What is Lent?

Conversion time

Casulla © Cathopic. Beyond Faith CR

Rafael Mosteyrín, priest, offers this article to learn what Lent is, a time of conversion and preparation for Holy Week.


Lent begins with Ash Wednesday. What is Lent? It is the liturgical time in which Christians prepare for the Passion, Death and Resurrection of the Lord. It is proposed to us to listen more to the Word of God, and to attend more to the sacrament of Penance. They are, as always, the 40 days before Palm Sunday.

For those over 18 and under 59, we must fast on Ash Wednesday and Good Friday. It is about eating only one strong meal a day accompanied, of course, by a light breakfast and a little dinner. From the age of 14 we are asked to abstain from eating meat every Friday of Lent, and on Ash Wednesday. In this way, gratitude to God is demonstrated for his Passion and Death by which we have been saved. It is about giving an answer with prayer, and with life, manifested in these desires for sobriety, in food and in other aspects that one sees appropriate.

The Church always, but more so in Lent, exhorts us to conversion, to break with sin. True conversion, the purpose of no longer sinning, entails avoiding the occasions of sin, breaking its bonds. Only when there is a turning away from sin, man returns to God, he orders his life towards the Creator. He is then free from any slavery, and he is in a position to follow the path proposed by Jesus Christ,

Why is Lent a time of penance? The first words of Christ that Saint Mark records in his Gospel are these: “Do penance.” Lent tells us about mortification and penance because it is the commemoration of the time of prayer and penance that Christ spent in the desert. During Lent, the Church offers a special opportunity to repent of our sins, with a well-prepared confession. It is an especially opportune time to make reparation to God for the offenses we have done to Him, through small sacrifices. This penance, furthermore, purifies the soul, elevates the thought, makes the heart contrite and humiliated, extinguishes the fire of passions and helps us to live holy purity well.

Furthermore, we can offer God something that costs in a spirit of reparation. The Lord asks us for small mortifications that, if lived with perseverance, are very pleasing to Him. Some meal mortifications are traditional, such as delaying the glass of water until the second course, eating more of what you like less and less of what you like more; take the worst fruit; do not eat between meals; Do not drink alcohol, or drink it in more moderation. The meaning of these practices is that they help us grow in the virtue of temperance. In this way we have an easier time praying, and we are not so conditioned by what we feel like. Another type of mortifications are those that are done with the objective that those around us receive some small favor.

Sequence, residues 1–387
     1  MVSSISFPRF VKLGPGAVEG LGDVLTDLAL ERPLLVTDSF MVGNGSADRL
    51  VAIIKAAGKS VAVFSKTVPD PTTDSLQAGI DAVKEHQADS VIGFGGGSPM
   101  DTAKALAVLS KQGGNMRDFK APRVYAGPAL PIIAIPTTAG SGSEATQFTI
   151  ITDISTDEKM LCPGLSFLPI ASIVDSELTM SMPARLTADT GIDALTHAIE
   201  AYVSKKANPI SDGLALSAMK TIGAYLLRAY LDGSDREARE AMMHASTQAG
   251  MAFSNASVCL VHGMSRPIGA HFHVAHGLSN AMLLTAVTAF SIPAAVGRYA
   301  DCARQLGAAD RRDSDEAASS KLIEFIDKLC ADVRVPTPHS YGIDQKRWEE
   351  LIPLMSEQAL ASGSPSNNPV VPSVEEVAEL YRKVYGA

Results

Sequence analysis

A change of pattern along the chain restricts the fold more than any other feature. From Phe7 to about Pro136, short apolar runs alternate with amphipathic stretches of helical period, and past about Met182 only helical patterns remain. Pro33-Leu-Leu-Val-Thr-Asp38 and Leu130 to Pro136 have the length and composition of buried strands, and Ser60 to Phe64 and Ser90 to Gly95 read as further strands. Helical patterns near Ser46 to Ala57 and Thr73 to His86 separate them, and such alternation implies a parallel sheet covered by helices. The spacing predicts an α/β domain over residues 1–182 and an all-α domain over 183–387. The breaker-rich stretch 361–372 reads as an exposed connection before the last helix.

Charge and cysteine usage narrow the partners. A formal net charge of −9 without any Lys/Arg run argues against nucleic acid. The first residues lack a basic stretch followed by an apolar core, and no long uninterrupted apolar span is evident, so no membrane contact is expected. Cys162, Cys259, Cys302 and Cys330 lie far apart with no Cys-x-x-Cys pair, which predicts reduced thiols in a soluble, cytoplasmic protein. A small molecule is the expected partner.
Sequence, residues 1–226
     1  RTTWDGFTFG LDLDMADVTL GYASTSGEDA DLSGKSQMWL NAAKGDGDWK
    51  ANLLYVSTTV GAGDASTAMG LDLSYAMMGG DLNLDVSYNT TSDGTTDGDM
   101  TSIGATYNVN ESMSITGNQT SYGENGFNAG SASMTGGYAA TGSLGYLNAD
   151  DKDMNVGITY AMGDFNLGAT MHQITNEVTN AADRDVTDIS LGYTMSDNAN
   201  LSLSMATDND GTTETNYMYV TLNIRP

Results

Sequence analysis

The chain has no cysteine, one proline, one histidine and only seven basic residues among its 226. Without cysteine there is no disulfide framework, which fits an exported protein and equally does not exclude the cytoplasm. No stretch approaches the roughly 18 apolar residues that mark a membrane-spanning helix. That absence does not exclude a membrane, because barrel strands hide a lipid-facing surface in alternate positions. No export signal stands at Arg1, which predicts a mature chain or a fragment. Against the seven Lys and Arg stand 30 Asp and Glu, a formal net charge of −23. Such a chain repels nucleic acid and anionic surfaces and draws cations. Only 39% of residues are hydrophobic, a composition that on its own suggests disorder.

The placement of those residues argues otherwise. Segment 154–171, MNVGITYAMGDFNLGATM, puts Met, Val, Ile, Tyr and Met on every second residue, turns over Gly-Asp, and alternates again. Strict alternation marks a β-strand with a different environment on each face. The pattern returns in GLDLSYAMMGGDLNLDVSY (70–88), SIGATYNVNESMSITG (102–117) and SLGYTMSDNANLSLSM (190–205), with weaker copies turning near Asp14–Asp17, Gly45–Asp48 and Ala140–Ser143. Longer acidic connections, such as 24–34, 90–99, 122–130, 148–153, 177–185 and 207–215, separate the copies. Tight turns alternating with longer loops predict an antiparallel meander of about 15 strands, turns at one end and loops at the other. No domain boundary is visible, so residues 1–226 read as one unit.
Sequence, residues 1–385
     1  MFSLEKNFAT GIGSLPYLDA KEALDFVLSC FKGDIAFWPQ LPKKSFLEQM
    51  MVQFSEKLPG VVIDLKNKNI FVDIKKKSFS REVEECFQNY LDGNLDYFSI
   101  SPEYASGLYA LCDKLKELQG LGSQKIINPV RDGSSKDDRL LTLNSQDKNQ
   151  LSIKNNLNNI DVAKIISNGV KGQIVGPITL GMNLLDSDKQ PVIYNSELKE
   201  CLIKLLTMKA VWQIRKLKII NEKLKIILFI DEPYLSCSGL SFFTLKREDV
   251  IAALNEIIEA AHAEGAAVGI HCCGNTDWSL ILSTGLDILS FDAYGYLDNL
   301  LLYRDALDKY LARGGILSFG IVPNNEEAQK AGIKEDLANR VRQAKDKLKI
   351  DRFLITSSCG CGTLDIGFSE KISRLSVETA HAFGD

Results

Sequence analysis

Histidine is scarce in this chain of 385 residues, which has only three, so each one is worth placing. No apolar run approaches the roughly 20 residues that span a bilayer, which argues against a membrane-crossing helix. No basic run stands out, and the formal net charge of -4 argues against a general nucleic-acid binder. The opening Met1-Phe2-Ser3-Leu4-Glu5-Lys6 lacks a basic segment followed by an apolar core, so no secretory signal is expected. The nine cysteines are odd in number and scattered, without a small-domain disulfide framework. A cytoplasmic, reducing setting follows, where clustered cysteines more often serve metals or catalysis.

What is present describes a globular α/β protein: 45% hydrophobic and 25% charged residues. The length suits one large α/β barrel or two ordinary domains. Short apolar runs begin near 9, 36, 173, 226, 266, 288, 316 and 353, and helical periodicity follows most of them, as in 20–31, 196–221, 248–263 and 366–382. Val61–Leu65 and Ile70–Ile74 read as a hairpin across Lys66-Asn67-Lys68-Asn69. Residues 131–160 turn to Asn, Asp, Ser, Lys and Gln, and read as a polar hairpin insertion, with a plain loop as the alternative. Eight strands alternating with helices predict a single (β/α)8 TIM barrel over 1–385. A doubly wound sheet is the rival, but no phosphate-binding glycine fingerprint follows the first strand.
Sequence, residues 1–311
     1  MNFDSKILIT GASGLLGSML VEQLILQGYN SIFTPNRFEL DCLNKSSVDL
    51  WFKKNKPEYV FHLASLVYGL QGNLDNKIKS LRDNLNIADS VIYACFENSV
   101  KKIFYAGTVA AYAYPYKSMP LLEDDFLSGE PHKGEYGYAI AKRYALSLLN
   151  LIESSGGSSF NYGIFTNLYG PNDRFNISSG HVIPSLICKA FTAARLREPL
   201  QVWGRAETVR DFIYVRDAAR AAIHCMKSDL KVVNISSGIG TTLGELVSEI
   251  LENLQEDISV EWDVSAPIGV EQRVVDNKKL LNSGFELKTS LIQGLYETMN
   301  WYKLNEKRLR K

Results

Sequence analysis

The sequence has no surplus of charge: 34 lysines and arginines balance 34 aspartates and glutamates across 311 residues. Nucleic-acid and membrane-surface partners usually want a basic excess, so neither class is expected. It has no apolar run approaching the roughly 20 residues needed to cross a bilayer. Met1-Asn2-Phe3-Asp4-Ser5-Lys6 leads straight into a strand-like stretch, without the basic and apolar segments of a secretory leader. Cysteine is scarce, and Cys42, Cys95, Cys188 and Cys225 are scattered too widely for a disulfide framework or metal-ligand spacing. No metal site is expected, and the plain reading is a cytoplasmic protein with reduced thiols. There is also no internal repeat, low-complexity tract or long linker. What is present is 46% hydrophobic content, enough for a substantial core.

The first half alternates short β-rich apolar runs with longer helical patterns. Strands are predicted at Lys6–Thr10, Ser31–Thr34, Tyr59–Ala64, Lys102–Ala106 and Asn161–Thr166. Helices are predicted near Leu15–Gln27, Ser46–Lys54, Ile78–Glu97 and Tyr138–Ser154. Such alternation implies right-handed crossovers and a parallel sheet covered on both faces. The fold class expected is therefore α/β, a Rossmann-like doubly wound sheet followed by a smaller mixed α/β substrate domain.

The liturgy of Lent, while inviting us to repentance and conversion, reminds us of God’s mercy with the words of the Psalmist: The Lord is gracious and compassionate, slow to anger and rich in mercy. The Lord is good to all, and the demonstration of his love for us extends to all of his works. God always listens to requests for forgiveness.

Let’s take this opportunity to prepare a good confession. It is time to recognize what has to change in our lives, to once and for all overcome shame to tell things as they happened. God is willing to forgive us, but he needs us to recognize where we have failed him.

Saint Mary will help us take advantage of this Lenten opportunity to make a good confession. We will improve during this time by trying to do things better than usual, and offering small mortifications throughout the day.